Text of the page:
Hedgehogs need a few things in their cage. They need them to be happy, healthy, and comfortable. If you don’t have these things, you might want to change that asap. These are the necessary items for new and old hedgehog owners. The list covers what you need in your enclosure in order to be a successful and happy hedgehog owner. Without these items, your hedgehog’s health and comfort could be affected.
A Proper Cage
Starting off you need a proper cage. This is including the size and the material. A proper cage should be 24” by 24”. This is 4 square feet. The material needs to be breathable, cleanable, and non-toxic.
Common choices are guinea pig cages, large bins, or metal shelving squares (CC cage). Our cage guide will be here soon!
The wheel needs to be at least 12 inches wide. They are nocturnal, so it might be best to look for a quiet wheel. The track part needs to have no holes that could catch paws and nails. The Carolina storm wheel is common along with DIY wheels and store-bought chinchilla wheels.
Hedgehogs need their food separate from their water. Therefore, they need a bowl for food. Shallow kitten bowls are popular. I also found that lizard bowls and sauce bowls work as well. About 3 centimeters tall is usually a good size. They also need to be heavy to prevent spillage.
Water is the most basic necessity. Some people use water bottles, but it is not as natural as a water dish/bowl. Most hedgehogs prefer water bowls. It is important to refresh it daily (they get the bowl very messy). Usually, the perfect bowl is just like the food bowl.
Heater or Heat Source
The perfect temperature is very important. Incorrect temperature is bad for your pet. It can even encourage hibernation if it is too cold. 72 to 80 degrees Fahrenheit is acceptable. Although the goal temp should be 74 to 78 degrees Fahrenheit.
Some ways to do this are warm sleep areas, bedding, heat lamps, and heating pads. You can even get a cage temperature tracker.
Your pet interacts with this item almost every second of every day. Improper bedding can cause injury and death. The correct bedding can make your hedgehog happier and a better pet. You can learn more about the best bedding in our bedding guide.
A shelter or bed area not only can act as their bed, but also provides warmth, comfort, and keeps them out of trouble. Hedgehogs need some privacy and a place to rest their head. Otherwise, their behavior will be undesirable. Snuggle sacks, mini houses, and hideaways are perfect to accomplish this!
Before you get your pet, you need the right food. The food needs to have a balanced blend that has the perfect percentages of nutrients. You can look at our food guide here. When buying a hedgehog it can be nice to ask the breeder what type they use.
Enrichment is one of the forgotten necessities. They need entertainment or their behavior will be unpleasant and destructive. Toys are a great way to provide enrichment. Taking them out of the cage and letting them explore in a controlled space always accomplishes enrichment. Products like dig boxes also provide entertainment for the pet.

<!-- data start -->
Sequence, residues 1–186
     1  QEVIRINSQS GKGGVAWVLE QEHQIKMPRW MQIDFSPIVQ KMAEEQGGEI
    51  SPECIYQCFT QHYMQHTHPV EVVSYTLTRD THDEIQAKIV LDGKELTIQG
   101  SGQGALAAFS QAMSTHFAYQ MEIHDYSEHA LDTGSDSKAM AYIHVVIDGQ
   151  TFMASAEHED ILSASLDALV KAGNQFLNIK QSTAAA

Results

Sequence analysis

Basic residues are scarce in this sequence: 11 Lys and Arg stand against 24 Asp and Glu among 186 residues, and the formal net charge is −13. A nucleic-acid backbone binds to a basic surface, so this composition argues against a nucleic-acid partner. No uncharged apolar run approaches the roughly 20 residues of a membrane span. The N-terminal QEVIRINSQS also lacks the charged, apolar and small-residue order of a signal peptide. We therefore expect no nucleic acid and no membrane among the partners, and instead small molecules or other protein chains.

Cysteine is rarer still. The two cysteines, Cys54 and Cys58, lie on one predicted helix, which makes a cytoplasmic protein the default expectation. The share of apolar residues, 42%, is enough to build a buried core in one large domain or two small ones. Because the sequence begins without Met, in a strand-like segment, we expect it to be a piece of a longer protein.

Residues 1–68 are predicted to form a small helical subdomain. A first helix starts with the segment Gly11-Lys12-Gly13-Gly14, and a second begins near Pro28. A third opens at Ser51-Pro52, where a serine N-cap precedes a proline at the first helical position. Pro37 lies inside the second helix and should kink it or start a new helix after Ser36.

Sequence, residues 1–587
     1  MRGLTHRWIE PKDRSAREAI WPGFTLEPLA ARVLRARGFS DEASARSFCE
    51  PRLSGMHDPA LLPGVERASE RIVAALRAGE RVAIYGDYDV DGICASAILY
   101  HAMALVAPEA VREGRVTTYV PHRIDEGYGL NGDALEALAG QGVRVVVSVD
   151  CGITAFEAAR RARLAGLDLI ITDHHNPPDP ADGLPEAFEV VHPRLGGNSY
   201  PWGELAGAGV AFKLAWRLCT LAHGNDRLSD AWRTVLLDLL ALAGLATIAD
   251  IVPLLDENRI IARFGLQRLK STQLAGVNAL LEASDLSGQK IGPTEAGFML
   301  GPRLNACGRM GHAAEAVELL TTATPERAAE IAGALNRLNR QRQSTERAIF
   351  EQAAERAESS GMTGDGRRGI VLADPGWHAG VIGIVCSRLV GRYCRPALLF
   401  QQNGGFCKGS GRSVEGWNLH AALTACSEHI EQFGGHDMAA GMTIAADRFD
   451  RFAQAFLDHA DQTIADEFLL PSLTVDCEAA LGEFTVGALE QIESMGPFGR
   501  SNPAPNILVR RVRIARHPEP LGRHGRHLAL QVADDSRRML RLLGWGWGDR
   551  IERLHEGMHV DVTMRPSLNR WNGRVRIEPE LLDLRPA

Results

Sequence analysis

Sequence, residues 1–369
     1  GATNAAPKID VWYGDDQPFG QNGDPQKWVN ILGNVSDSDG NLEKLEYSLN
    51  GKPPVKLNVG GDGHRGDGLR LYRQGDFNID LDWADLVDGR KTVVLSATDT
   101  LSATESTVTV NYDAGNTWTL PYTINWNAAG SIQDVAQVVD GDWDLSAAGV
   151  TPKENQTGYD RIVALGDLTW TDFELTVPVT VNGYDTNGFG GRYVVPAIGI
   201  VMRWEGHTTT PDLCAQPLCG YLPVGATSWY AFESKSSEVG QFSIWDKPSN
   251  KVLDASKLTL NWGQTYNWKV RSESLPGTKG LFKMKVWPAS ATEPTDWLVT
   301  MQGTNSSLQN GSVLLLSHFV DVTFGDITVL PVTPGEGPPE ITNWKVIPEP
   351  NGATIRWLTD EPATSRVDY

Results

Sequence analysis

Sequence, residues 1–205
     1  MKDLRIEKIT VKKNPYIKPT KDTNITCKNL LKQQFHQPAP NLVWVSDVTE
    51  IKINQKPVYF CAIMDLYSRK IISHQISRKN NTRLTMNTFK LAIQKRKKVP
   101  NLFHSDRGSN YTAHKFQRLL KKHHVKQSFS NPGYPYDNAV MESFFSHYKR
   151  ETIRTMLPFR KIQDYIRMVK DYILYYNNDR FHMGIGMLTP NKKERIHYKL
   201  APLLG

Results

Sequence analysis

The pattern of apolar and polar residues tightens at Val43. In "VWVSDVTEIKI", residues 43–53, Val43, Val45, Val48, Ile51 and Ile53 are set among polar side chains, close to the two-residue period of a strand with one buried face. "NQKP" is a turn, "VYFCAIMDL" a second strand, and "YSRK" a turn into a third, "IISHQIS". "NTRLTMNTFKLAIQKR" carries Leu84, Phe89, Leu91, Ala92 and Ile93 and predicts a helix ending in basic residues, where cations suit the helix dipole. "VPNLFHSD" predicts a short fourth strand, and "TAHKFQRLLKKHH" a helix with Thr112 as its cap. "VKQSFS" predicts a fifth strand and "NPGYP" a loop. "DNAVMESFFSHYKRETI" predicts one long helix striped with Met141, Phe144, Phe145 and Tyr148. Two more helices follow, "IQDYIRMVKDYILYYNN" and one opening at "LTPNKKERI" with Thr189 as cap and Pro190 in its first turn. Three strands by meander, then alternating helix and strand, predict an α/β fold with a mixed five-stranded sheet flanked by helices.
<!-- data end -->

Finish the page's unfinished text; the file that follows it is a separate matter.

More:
You don’t want to be caught unprepared when right after you get your hedgehog, the cage already needs cleaning. Spot cleaning will go a long way in reducing smell and clean-up time. You can pick it up with tools or with paper towels. Small plastic tongs or reptile poop scoopers work great.
There are also cleaning wipes, spray, and more to help you clean the cage. Check out our cleaning article to help you out!
Treats are the glue that holds owners and hedgehogs together. They will come in handy when you are trying to bond with your hedgehog. It’s best to start as soon as you can. It will make the hedgehog more comfortable with you, when starting out. It also adds variety to their diet. Check out our treat article!
Exotic Vet Info
To be a responsible pet owner, you need to have an exotic vet’s number, name, and location when you first buy a hedgehog. Otherwise, your pet could be in danger when it needs help the most. The breeder should know of one nearby.
For some, this is a necessity. Believe it or not, hedgehogs can be litterbox trained. We did this for our first hedgehog and it made both of our lives easier. It reduces smells, helps with cleanup, and more. It’s easiest to start as soon as you get your hedgehog. Common ideas are DIY pans, boxes, or storebought trays. We are working on our litterbox guide right now!
In the wild, hedgehogs walk a lot of miles daily (it trims their nails for them). In captivity, they need their claws trimmed. Based on the care, your hedgehog received before you, they might need care right away. So you can either wait on this item or just get it before.
Hedgehogs can sometimes require baths. Usually, it is not right away but if they suffered improper care a bath might be needed. We will have our bath guide up soon. There are certain baby shampoos and brushes that can be used to get the poop and grim off. Our bathing guide should be up soon!
It can be hard to know what you need in your hedgehog cage. I hope you found this useful! What was the first thing you got for your hedgehog?